As for Dhamma it is Dhamma that causes the human body. So it is called sammuti dhamma as well — being sammuti it is temporary; it’s not a permanent dwelling place for self. Of this it is said “Sabbe dhammā anattā ti”. None of these dhammas are self. Self is not this Dhamma. For self is self and Dhamma is Dhamma — they are different from one another.


มีตัวกับธรรม ๒ อย่างนี้เท่านั้น กายมนุษย์ก็มืตัว กายมนุษย์ก็มืธรรมที่ ทำให้เป็นตัว ตลอดทุกกาย ทั้ง ๑๘ กาย มีตัวกับมีธรรมที่ทำ'ให้เป็นตัว แต่ว่า ตัวทั้งหลายเหล่านั้น ทั้ง ๘ กายในภพ เป็นอนิจจํ ทุกขํ อนตฺตา หมดไม่เหลือ เลย ทั้ง ๑๐ กายนอกภพ เป็น นิจฺจํ สุขํ อตฺตา หมดไม่เหลือเลย ตรงกันข้าม อย่างนี้เป็น นิจฺจํ สุขํ อตฺตา เป็นของที่เที่ยงของจริงหมด แด,ว่าในภพแล้วเป็น ของไม่เที่ยงไม,จริงหมด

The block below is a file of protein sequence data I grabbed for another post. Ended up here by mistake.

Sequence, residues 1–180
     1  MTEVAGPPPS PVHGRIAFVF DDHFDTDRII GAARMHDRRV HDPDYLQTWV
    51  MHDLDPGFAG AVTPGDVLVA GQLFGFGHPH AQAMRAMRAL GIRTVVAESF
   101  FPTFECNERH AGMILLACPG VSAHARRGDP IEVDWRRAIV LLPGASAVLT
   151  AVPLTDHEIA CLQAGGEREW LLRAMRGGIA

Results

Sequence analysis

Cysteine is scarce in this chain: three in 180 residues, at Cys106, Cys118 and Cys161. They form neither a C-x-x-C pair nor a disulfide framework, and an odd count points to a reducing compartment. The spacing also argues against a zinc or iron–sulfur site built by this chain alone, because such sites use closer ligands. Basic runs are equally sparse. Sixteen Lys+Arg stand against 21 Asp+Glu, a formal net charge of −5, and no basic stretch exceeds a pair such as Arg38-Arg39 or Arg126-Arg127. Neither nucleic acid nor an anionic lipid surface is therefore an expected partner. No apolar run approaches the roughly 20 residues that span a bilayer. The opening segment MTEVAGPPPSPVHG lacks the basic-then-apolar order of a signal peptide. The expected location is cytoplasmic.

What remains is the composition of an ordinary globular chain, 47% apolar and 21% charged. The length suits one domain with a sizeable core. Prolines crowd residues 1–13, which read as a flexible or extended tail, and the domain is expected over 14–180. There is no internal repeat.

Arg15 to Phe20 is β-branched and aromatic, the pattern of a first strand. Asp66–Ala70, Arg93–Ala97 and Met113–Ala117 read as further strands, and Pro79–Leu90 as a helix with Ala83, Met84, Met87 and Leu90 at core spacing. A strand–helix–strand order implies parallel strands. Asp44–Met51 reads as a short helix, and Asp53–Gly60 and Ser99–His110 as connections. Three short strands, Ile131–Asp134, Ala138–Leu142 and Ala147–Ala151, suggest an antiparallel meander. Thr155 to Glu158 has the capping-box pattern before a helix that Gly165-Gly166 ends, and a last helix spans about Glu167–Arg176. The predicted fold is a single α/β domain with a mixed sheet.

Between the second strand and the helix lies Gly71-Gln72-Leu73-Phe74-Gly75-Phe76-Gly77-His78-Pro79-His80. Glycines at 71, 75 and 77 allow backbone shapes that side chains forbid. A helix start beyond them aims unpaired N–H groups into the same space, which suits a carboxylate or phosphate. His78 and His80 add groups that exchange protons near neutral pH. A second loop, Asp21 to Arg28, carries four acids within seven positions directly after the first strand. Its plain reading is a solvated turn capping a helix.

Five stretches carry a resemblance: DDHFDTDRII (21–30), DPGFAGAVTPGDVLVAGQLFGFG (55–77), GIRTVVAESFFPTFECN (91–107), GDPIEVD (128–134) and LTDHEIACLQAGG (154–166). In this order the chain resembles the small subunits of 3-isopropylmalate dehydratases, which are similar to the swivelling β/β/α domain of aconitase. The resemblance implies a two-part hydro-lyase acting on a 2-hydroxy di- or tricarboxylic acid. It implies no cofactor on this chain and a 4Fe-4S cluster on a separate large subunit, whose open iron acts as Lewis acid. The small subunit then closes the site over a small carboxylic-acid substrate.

There is self and Dhamma. Merely these two things: there is human body and there is self. The human body has also dhamma which makes it have self. Each and every body, all 18 bodies, have self and dhamma, which makes it [possible to] have self. But the self across all 8 groups in the world are aniccam, dukkham and anattā, all of them. On the other hand all ten bodies outside the world are completely niccam, sukham, attā. They are all the same in this way niccam, sukham, attā; they are completely certain and true, but regarding those [bodies] in the world they are transient, not real at all.